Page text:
- Orthodox Catholic, yet gritty and real.
- Written in an amusing and engaging style, drawing much from her own experiences.
- Discusses really important topics to our times: love, community, friendship. All of which are under appreciated or misunderstood these days.
- She doesn't try to explain the Catholic teachings on sexuality. If you're looking for a good way to convince people or yourself, this is not it.
- Some of this might bother you, whether you agree or don't agree with the teachings of the Church on human sexuality. She is upfront enough with her sexuality, and compassionate to other LGBTQ people, that a traditional Catholic could be uncomfortable (though she is completely orthodox herself), and she is Catholic enough that a normal, non-homophobic, non-Catholic person could think her ideas lacking in tolerance.
- The main focus of this book is probably the importance of community. And with that comes the importance of passionate friendship. Passionate friendship has always been a strong interest of mine. I think these days most people don't understand true friendship and may even go their whole lives without a true Friend. I LOVED the discussion of the medieval vows of friendship, quite similar to marriage vows in some ways, except for a different sort of love. It could be argued that those were a means to support gay love in a time that wasn't amenable to it, but Tushnet argues otherwise and I agree with her. I greatly wish this kind of vow was common in modern times. I suspect it would help a lot to give understanding of what Friendship as a love actually is.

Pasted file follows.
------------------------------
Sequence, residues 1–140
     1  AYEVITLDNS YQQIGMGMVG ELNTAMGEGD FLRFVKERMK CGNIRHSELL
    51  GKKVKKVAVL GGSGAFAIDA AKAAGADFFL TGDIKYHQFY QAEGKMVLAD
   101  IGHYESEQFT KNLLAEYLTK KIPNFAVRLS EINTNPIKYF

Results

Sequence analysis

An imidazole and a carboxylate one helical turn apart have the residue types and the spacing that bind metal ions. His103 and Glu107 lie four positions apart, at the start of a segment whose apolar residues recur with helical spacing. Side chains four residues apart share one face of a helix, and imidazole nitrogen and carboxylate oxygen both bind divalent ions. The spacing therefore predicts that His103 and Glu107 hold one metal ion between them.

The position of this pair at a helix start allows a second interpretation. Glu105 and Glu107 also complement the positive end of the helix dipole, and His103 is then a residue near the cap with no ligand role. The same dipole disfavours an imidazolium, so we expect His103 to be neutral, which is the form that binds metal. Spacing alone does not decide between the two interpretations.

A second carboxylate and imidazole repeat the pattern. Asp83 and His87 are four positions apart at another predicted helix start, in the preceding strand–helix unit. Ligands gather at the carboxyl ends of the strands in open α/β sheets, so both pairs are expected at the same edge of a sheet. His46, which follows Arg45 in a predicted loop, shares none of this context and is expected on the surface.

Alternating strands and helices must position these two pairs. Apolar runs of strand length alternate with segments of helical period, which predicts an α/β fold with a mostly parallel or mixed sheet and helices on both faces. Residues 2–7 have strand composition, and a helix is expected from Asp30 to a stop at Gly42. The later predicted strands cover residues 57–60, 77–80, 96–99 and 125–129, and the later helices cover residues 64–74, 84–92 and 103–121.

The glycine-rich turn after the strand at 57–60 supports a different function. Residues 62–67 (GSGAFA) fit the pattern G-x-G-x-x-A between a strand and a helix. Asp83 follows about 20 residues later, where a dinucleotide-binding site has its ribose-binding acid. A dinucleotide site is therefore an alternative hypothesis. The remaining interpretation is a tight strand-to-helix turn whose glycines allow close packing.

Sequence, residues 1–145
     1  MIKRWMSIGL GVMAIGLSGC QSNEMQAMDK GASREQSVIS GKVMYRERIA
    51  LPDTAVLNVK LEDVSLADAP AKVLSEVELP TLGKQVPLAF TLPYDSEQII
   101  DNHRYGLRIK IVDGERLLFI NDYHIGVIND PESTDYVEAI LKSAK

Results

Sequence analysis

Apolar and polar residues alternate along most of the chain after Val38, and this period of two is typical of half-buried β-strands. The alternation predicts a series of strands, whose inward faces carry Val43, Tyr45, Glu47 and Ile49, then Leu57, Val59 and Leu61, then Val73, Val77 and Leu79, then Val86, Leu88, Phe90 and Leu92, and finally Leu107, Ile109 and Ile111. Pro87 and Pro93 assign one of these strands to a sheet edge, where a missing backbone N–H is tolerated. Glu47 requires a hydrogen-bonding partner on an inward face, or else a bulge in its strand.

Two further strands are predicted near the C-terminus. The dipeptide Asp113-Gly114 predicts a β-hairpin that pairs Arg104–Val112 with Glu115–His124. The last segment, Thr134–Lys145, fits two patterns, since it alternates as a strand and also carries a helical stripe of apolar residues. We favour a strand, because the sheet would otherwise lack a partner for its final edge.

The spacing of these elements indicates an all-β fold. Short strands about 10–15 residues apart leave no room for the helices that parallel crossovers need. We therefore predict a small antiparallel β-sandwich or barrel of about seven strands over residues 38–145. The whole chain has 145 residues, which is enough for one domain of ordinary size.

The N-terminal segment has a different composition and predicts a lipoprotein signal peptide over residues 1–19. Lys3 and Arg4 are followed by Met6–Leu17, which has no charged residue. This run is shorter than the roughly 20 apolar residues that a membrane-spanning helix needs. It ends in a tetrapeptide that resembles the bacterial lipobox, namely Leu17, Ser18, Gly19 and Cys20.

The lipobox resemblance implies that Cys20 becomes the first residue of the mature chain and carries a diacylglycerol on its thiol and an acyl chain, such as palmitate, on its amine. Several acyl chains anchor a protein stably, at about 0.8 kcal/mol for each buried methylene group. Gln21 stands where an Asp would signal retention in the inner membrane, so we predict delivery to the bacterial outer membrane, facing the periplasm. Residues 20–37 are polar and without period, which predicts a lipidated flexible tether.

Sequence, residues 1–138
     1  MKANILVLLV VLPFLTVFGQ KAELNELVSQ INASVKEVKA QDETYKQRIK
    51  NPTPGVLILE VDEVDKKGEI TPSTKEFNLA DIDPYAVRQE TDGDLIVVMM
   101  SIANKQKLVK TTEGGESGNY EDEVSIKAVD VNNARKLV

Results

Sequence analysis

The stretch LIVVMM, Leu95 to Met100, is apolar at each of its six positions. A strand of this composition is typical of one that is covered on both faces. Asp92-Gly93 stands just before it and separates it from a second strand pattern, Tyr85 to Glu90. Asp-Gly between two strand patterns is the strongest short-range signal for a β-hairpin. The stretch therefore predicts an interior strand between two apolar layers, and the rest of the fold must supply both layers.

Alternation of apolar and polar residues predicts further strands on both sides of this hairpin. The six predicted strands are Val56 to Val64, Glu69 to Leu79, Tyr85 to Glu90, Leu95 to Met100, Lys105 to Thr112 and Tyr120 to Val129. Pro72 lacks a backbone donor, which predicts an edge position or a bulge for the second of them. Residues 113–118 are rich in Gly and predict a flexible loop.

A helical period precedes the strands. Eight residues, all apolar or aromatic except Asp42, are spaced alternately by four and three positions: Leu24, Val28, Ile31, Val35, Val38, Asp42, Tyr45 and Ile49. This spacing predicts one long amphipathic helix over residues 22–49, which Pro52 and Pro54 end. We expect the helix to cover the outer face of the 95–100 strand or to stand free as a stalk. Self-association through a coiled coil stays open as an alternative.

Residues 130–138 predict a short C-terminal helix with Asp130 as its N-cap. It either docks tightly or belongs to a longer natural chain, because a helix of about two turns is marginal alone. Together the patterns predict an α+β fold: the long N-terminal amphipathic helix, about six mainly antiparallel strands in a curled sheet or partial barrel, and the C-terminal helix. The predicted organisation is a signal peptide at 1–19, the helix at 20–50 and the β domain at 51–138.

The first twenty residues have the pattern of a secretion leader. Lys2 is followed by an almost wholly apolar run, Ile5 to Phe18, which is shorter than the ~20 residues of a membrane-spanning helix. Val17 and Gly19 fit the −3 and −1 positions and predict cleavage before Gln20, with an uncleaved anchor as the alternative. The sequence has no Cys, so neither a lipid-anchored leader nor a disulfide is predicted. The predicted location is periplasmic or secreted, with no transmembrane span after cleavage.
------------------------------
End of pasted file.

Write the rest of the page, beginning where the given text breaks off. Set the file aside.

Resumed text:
- There is this idea that living with your family when you're grown up is indication of a horrible "failure to launch". To say a guy is living in his mother's basement is a pretty bad insult. It isn't quite so bad with girls, but still pretty insulting. Tushnet argues that it can actually be a good thing; "[i]t might make you someone who not only acknowledges her weaknesses but has figured out a way to shore up her weak points while looking after others" (page 154). I have a hypothesis that it might be a little different for guys, although with the essential idea remaining the same, but I'm not sure yet.
- It speaks to me and my lack of charity. There is such focus on community, hospitality, true friendship. I can get in the habit of thinking I'm pretty good in those areas, so this was a helpful reminder.
Note, it also includes a recommended book list at the end, which is always a point in favour.